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Scaffolding health and safety regulations

Scaffolding is an essential part of many building projects, but it can also present a risk. This is why scaffold safety is paramount when it comes to working at height. Read on to find out more about scaffolding health and safety regulations.

What are scaffolding health and safety regulations?

The regulations for scaffolding are the guidelines that govern how to properly use scaffolding.

Therefore, an excellent working knowledge of scaffold safety rules is essential for tradespeople who use it in their work.

Before beginning any scaffolding project, or when starting a scaffolding business, it’s important to familiarise yourself with the following regulations:

We also recommend you refer to the below documents when working at heights. This is to ensure a full understanding of all compliance and adherence matters related to safe working above ground level:

Tradesperson wearing correct health and safety equipment

Scaffold safety and the risks associated with working at height

When it comes to any form of construction work, scaffolding is usually a key project element that needs consideration.

  • If you’re going to be working at any degree of height, scaffolding walkways are going to be essential
  • Working at height brings with it several inherent risks Most obviously, there is the risk of falling from the scaffold
  • There are also risks associated with dropping items from the scaffold and transporting materials up for work purposes

Therefore, it’s important to know what sort of scaffolding is best suited for the current project in question. Picking the right one will help to mitigate any associated risks.

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What are the different types of scaffolding?

To the untrained eye, it may appear that all scaffolding is the same. But there are actually multiple different types of scaffolding that you’ll need to make use of.

Here is a breakdown of the different types below:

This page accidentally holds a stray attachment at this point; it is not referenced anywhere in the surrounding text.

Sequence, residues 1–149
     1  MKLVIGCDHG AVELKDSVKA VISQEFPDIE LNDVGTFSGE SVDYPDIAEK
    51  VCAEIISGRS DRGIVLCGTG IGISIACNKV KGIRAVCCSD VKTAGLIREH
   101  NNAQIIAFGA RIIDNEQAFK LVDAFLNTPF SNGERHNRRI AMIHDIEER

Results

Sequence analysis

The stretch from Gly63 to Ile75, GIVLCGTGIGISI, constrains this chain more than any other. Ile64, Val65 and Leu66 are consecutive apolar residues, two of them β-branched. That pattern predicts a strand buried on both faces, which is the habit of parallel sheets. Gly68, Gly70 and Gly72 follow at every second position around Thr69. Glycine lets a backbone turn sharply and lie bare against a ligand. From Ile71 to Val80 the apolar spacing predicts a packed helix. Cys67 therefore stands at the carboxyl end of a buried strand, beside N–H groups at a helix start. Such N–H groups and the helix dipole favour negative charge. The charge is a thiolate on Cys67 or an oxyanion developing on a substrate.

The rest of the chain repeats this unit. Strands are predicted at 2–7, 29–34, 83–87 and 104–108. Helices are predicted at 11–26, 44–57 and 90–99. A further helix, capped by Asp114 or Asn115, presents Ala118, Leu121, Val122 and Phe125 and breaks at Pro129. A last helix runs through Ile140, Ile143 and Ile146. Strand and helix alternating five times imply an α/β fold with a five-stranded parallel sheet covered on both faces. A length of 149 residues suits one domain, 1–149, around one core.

• Access scaffolding – as the name suggests, access scaffolding is specifically used to give workers access to hard-to-reach building areas, mainly rooves and high walls. This is one of the most common types of scaffolding you’ll see, being typically used for maintenance work
  • Suspended scaffolding – unlike access scaffolding, suspended scaffolding is hung from a roof using wire ropes or chains, often with the ability to be raised and lowered when needed. This sort of scaffolding is ideal for painting, repairs, and window cleaning
  • Trestle scaffolding – this type of scaffolding is most often used inside of buildings or if the work required is taking place up to a height of 5m. This sort of scaffolding is identified by its movable ladders
  • Cantilever scaffolding – rather than being supported directly from the ground, cantilever scaffold begins higher up a structure and is then supported by needle poles. Therefore, a cantilever scaffold is only ever used when obstacles or uneven flooring prevent direct placement on the ground
  • Putlog scaffolding – also known as single or bricklayer scaffold, putlog scaffolding uses a single row of standards parallel to a building and then set partially away to support a platform. Couplers are then used to connect the scaffold together. Much like access scaffolding, putlog scaffold is very popular
  • Double scaffolding – working in a similar way to putlog scaffolding, double scaffolding merely introduces a second row of scaffold for more support. This tends to be employed when working on things like masonry
  • Steel scaffolding – constructed by steel tubes and fixed together by steel fittings, steel scaffolding is a particularly strong, durable, and fire-resistant scaffolding option
  • Patented scaffolding – also constructed from steel, patented scaffolding uses specialist couplings and frames that allow you to adjust the height of the structure, while also being easy to take down. This makes them ideal for short-term work

working at height

What must be taken into consideration when working at height?

When working at height, it’s important to fully survey the type of work that is being done.

All work must comply with scaffolding safety requirements, as well as other working regulations. And any specific hazards associated with a project that could cause an accident must be noted.